Read, it excites particles, it was aimed at a different substrate. Does air have particles? IS not Oxygen and Hydrogen made up of proton electron and neutrons? What they claimed as the particle. What was the wire made up of? Was the temperate of the light enough to excite anything or make something out gas?

Not discounting any research that has been done. Just the conclusion they found.

I will be posting a real article later on this subject to clarify all the misconceptions.

Joke/ Scientists tested a frog. they cut off his legs. They said jump. The frog did not respond. They then concluded that when you cut off a frogs legs it then becomes deaf.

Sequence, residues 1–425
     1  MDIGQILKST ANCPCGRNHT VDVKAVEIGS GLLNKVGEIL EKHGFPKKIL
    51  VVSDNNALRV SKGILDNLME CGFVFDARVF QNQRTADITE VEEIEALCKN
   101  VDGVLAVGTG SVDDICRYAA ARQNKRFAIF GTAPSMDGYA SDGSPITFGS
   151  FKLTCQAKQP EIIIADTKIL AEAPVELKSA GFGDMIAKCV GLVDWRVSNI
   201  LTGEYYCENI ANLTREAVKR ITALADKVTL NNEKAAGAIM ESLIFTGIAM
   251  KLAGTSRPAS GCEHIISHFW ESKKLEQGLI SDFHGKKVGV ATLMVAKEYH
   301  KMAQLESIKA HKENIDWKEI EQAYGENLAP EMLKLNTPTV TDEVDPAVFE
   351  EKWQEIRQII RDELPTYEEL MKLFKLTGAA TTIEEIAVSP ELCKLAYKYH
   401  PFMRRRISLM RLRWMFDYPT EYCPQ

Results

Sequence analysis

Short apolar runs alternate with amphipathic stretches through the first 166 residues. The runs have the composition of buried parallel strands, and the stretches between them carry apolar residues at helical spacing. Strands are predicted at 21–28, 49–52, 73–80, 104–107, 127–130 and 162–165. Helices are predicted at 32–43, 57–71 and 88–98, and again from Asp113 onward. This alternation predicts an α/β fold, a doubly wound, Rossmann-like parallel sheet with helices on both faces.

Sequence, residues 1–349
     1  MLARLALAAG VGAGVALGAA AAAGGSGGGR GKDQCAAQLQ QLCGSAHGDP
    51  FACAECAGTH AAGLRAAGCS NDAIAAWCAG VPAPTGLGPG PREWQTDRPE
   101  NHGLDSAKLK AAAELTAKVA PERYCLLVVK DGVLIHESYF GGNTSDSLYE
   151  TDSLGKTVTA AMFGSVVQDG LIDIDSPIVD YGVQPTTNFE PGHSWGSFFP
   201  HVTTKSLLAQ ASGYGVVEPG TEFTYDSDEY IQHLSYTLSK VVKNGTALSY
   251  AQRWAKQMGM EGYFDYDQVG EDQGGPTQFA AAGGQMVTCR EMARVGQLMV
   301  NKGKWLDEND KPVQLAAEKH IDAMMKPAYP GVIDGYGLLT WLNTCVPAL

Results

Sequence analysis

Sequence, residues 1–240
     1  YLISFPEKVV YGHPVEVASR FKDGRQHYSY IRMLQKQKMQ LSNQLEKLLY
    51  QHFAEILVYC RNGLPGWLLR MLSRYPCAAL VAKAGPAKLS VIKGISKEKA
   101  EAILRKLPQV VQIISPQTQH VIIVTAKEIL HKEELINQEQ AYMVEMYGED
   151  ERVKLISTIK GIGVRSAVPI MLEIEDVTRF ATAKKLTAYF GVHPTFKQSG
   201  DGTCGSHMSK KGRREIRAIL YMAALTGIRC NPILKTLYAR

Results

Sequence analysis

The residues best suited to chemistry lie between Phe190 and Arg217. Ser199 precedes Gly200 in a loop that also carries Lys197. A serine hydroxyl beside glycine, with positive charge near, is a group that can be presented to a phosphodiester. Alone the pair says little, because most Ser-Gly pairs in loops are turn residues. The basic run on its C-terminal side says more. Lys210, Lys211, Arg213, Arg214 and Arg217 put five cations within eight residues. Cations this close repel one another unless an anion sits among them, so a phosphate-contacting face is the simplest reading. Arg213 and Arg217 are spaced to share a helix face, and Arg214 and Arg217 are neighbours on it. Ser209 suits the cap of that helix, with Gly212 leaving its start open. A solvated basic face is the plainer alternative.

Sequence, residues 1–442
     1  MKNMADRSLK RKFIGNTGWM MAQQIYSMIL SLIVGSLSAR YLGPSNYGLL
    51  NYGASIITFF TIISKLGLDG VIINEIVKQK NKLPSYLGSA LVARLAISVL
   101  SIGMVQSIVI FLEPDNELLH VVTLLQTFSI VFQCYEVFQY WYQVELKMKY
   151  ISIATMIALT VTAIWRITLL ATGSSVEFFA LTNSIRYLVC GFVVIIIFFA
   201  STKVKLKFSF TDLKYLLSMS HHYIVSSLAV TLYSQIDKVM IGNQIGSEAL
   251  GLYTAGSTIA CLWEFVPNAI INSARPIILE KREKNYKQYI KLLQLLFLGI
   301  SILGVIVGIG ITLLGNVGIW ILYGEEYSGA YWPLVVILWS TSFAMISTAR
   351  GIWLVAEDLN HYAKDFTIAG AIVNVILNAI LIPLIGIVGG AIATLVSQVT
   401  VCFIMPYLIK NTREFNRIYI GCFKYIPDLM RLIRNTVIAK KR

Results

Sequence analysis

If it's that simple I'm looking forward to you explaining the double slit experiment where light manifests as a particle.
I thought that is exactly what i did. I said the particles are already there, they did not come from light. Do you dispute that everything is made up of protons, electrons and neutrons. Or that dust particles ect.. don't already exist in the air ? Or the object with the double slit is not made of something? All matter is exited by energy. That is a fact.



posted on Mar, 4 2015 @ 07:50 PM
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originally posted by: roth1
Do you dispute that everything is made up of protons, electrons and neutrons.
Light isn't. Those things have mass and light doesn't. In fact ~95% of the universe is not baryonic matter (like protons, neutrons).
edit on 4-3-2015 by Arbitrageur because: clarification